From an economic perspective, the growth of the Asian American community will mean a larger consumer market that will be looking for products and services as well as advertising and marketing campaigns that will include and acknowledge our needs and interests.

Socially, the APA community is highly diverse representing many ethnicities, religions, generational, and economic statuses. However, technology tools such as YouTube, Twitter, and Tumblr are enabling APA artists, advocates, musicians, chefs, entrepreneurs, philanthropists, etc., significantly greater access to broad and diverse audiences and communities than ever before. As more connections are made and APAs gain more visibility through social means, the impact on the American landscape also increases.

What are the leadership challenges facing APAs? What is LEAP doing to move APAs toward a better future?

I think we still have a lot of new ground to break as leaders, yet there are contradictory yet dual challenges. One challenge is the firmly entrenched perception that APAs are not leaders. However, the second, increasing challenge is the perceptions that APAs are well represented, and in fact are over-represented, at the senior and executive leadership levels, particularly in corporate America. The work that LEAP is doing is focused on increasing the number of visible Asian and Pacific Islanders in decision-making, senior leadership roles and facilitating understanding and knowledge of APIs, all which contribute to the growth of strong, sustainable, engaged, local, regional and national API communities.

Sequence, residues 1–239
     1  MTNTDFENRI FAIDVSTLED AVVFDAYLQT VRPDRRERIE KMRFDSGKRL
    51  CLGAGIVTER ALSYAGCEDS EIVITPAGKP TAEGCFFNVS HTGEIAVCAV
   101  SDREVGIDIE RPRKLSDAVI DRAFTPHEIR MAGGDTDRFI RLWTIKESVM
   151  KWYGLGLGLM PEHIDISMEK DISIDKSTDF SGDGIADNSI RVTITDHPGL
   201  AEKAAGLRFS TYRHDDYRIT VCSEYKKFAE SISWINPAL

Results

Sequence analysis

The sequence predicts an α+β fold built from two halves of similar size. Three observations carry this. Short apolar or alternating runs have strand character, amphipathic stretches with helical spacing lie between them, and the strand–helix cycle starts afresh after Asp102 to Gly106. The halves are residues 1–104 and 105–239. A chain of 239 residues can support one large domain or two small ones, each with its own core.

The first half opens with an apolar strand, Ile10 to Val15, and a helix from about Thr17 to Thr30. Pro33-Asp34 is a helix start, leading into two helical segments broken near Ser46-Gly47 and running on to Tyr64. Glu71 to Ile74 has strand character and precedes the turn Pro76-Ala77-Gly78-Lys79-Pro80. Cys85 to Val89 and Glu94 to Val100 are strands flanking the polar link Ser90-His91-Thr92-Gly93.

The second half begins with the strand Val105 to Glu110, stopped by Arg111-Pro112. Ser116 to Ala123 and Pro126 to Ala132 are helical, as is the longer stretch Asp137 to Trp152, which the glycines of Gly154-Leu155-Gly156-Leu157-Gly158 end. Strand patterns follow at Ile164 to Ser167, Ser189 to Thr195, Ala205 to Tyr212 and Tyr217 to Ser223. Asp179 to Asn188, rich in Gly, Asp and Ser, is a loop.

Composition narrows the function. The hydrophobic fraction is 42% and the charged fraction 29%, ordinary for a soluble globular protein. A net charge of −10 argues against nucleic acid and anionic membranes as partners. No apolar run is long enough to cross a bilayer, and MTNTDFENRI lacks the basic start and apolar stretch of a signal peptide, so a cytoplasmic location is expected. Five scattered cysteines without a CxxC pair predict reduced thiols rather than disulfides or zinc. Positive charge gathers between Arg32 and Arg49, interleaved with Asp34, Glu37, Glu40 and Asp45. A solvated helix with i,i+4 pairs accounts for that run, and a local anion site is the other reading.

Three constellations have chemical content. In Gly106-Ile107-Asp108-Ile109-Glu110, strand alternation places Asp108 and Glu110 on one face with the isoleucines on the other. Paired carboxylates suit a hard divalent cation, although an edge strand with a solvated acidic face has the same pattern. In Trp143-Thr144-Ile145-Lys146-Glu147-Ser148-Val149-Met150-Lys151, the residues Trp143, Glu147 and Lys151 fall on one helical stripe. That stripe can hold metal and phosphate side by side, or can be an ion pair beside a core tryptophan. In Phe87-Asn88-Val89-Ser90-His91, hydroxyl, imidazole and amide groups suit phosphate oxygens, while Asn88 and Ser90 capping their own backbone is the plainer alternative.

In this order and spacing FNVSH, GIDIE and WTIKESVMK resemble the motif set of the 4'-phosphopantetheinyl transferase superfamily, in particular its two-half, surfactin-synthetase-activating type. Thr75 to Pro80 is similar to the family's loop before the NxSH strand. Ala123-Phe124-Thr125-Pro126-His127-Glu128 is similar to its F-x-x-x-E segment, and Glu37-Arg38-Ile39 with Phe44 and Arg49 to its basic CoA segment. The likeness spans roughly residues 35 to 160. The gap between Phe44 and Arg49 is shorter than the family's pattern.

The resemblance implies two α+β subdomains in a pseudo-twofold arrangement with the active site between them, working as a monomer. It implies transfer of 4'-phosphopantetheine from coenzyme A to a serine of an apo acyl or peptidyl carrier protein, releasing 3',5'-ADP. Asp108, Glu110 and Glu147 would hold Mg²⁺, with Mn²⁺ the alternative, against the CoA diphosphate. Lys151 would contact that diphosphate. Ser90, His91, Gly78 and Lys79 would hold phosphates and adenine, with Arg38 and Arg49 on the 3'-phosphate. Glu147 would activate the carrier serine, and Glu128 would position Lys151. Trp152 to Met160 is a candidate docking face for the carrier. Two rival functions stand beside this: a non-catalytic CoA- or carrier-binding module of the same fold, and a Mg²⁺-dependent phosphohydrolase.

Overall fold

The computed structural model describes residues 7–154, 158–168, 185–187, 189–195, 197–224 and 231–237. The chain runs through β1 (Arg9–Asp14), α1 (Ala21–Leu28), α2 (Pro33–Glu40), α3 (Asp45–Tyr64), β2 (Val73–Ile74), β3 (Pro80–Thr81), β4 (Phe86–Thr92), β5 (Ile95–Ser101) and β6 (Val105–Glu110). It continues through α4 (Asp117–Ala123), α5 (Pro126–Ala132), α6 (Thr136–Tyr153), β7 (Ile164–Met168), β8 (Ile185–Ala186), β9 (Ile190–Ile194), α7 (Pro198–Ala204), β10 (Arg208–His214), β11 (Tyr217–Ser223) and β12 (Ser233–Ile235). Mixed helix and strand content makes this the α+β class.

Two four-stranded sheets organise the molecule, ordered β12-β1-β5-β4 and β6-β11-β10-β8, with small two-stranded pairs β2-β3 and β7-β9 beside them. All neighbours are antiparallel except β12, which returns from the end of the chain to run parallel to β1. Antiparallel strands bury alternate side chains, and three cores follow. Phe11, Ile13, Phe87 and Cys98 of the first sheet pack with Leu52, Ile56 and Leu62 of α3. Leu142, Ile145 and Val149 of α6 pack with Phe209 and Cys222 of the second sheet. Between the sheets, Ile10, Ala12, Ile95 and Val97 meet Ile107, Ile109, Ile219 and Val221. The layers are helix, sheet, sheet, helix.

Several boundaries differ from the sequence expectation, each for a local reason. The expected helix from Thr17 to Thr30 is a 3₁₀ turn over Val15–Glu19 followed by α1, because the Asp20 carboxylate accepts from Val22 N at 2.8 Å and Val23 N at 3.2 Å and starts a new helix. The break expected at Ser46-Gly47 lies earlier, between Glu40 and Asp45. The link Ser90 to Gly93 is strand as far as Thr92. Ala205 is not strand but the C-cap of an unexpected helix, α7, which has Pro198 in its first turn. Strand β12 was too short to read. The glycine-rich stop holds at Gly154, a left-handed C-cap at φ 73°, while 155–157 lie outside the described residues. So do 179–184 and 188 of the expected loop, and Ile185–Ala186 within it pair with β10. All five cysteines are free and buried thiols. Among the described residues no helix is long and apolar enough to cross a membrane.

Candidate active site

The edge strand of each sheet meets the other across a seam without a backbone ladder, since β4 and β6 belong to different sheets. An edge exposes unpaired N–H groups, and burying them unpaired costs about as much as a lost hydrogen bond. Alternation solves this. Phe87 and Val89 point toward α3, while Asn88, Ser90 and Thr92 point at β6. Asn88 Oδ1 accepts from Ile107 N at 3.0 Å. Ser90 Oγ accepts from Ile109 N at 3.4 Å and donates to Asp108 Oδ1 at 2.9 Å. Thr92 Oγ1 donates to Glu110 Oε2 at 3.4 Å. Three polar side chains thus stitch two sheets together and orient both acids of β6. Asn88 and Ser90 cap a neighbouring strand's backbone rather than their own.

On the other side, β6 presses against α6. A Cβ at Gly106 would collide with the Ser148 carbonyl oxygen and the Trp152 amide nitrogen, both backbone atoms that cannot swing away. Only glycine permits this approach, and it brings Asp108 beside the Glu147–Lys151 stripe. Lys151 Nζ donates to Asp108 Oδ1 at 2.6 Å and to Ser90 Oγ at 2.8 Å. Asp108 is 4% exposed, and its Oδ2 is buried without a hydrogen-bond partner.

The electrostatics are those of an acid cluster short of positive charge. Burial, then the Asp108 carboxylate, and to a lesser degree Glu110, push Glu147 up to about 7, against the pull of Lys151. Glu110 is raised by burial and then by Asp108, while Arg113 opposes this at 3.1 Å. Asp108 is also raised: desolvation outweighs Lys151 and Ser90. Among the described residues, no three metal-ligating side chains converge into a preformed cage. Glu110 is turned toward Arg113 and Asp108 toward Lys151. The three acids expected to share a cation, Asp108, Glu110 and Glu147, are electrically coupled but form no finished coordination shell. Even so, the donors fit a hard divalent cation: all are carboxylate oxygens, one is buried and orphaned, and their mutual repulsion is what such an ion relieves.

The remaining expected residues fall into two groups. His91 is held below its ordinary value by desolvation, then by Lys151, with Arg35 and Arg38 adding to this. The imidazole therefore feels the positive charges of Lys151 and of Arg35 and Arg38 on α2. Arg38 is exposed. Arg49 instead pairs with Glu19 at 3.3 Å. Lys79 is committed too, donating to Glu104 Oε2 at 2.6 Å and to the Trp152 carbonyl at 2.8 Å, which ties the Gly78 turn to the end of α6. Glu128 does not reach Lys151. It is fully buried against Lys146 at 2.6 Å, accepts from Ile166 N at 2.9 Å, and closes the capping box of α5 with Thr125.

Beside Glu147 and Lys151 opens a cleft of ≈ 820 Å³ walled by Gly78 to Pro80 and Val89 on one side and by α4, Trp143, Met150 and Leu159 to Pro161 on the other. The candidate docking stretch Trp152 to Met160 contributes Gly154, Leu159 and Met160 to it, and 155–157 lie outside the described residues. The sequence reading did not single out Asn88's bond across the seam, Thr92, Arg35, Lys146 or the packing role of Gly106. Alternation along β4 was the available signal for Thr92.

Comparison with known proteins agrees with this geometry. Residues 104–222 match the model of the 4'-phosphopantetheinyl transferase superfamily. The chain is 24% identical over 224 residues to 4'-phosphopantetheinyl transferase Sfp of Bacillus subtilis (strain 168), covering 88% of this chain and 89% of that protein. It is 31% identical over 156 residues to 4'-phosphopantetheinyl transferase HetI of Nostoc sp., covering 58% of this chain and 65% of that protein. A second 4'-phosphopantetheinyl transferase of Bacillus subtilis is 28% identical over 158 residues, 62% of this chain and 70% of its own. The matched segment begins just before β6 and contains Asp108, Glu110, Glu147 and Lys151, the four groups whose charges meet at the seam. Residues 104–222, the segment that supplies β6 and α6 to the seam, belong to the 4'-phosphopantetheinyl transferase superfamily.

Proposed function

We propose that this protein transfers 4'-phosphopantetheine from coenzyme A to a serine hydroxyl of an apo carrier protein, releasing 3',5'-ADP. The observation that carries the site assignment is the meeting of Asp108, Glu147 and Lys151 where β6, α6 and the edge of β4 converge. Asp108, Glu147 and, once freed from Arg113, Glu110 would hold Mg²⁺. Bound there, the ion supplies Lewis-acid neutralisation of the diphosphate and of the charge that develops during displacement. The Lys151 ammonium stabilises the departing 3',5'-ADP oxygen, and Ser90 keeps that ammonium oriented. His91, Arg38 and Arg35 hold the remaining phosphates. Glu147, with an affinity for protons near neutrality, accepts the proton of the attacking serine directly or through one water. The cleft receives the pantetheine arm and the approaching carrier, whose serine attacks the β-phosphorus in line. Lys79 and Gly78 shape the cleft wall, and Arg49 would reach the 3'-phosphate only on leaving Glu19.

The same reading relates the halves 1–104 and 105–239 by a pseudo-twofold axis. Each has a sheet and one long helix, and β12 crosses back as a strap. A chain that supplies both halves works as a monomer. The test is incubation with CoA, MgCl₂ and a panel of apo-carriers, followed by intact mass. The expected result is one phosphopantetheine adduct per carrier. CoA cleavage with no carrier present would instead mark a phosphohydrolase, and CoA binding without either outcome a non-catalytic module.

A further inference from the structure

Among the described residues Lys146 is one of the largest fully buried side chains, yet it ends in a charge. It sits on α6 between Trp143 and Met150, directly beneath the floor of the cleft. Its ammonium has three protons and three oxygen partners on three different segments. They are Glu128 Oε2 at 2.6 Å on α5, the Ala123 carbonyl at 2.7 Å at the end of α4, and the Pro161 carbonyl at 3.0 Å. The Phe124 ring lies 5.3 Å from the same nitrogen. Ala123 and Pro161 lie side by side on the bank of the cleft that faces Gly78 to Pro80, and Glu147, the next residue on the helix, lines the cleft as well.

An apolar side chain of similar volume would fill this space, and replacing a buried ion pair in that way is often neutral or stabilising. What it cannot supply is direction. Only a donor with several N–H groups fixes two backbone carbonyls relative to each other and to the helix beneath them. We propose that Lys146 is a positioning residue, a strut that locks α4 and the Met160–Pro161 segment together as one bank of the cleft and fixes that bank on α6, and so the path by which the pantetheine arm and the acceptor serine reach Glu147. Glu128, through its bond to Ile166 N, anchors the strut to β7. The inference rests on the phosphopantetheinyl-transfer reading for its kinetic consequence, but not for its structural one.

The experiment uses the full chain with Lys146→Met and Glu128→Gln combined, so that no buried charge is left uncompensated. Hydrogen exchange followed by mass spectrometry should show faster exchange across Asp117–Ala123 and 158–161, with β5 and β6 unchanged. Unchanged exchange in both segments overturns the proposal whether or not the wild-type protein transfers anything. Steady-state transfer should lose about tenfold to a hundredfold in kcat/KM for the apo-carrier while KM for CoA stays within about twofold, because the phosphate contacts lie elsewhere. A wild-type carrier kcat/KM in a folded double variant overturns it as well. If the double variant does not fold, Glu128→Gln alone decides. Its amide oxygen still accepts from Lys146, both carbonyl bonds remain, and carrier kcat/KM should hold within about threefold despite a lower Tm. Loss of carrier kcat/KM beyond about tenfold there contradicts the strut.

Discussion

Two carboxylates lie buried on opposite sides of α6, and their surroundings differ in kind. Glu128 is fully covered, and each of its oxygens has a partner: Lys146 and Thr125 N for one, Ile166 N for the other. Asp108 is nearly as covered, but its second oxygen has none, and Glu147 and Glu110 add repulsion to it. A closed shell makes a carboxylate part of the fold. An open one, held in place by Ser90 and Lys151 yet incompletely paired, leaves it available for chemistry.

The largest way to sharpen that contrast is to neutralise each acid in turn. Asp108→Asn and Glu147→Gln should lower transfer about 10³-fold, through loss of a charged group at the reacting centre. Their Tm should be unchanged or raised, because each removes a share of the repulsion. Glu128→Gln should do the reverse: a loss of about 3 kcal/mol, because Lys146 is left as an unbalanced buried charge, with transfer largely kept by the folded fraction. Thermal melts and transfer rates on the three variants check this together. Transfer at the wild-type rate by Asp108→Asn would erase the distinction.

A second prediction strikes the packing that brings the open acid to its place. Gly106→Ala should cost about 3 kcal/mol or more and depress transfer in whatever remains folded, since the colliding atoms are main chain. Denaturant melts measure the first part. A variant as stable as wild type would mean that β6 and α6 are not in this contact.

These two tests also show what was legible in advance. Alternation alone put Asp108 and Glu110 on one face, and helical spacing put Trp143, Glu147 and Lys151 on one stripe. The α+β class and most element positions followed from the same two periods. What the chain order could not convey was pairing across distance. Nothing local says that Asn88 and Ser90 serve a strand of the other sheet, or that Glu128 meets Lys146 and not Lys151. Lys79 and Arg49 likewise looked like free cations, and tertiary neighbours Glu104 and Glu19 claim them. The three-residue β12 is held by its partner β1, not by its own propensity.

Are the experiences for APAs different across the country?

Yes, the West Coast APA experiences are very different from those in the East, Midwest and South. For starters, there are just more us on the West Coast, especially California and Hawaii. The diversity in Los Angeles, San Francisco and New York is broader across race, ethnicity, immigration generation, religion, language, etc., than many other parts of the country, which makes for a very different experience growing up APA in those areas. For many APAs in California and New York, the diversity around them was like the air they breathe. Taken for granted and not always thought about because everyone was different. Depending on one’s age, the current generation of APAs is the sometimes seamless blending of their ethnic and American identities.

Many APAs who grow up in the Midwest and South, they speak of being the only APAs (other than their families) in their towns and neighborhoods. For some, it meant finding ways to blend in and be “American” as best as possible. For others, it meant daily reminders of how different one is from everyone else around them. For many of those who tried to blend in, their identity is about denying their Asian selves and for those who were constantly reminded of their differences, they sought out their identity with other APAs.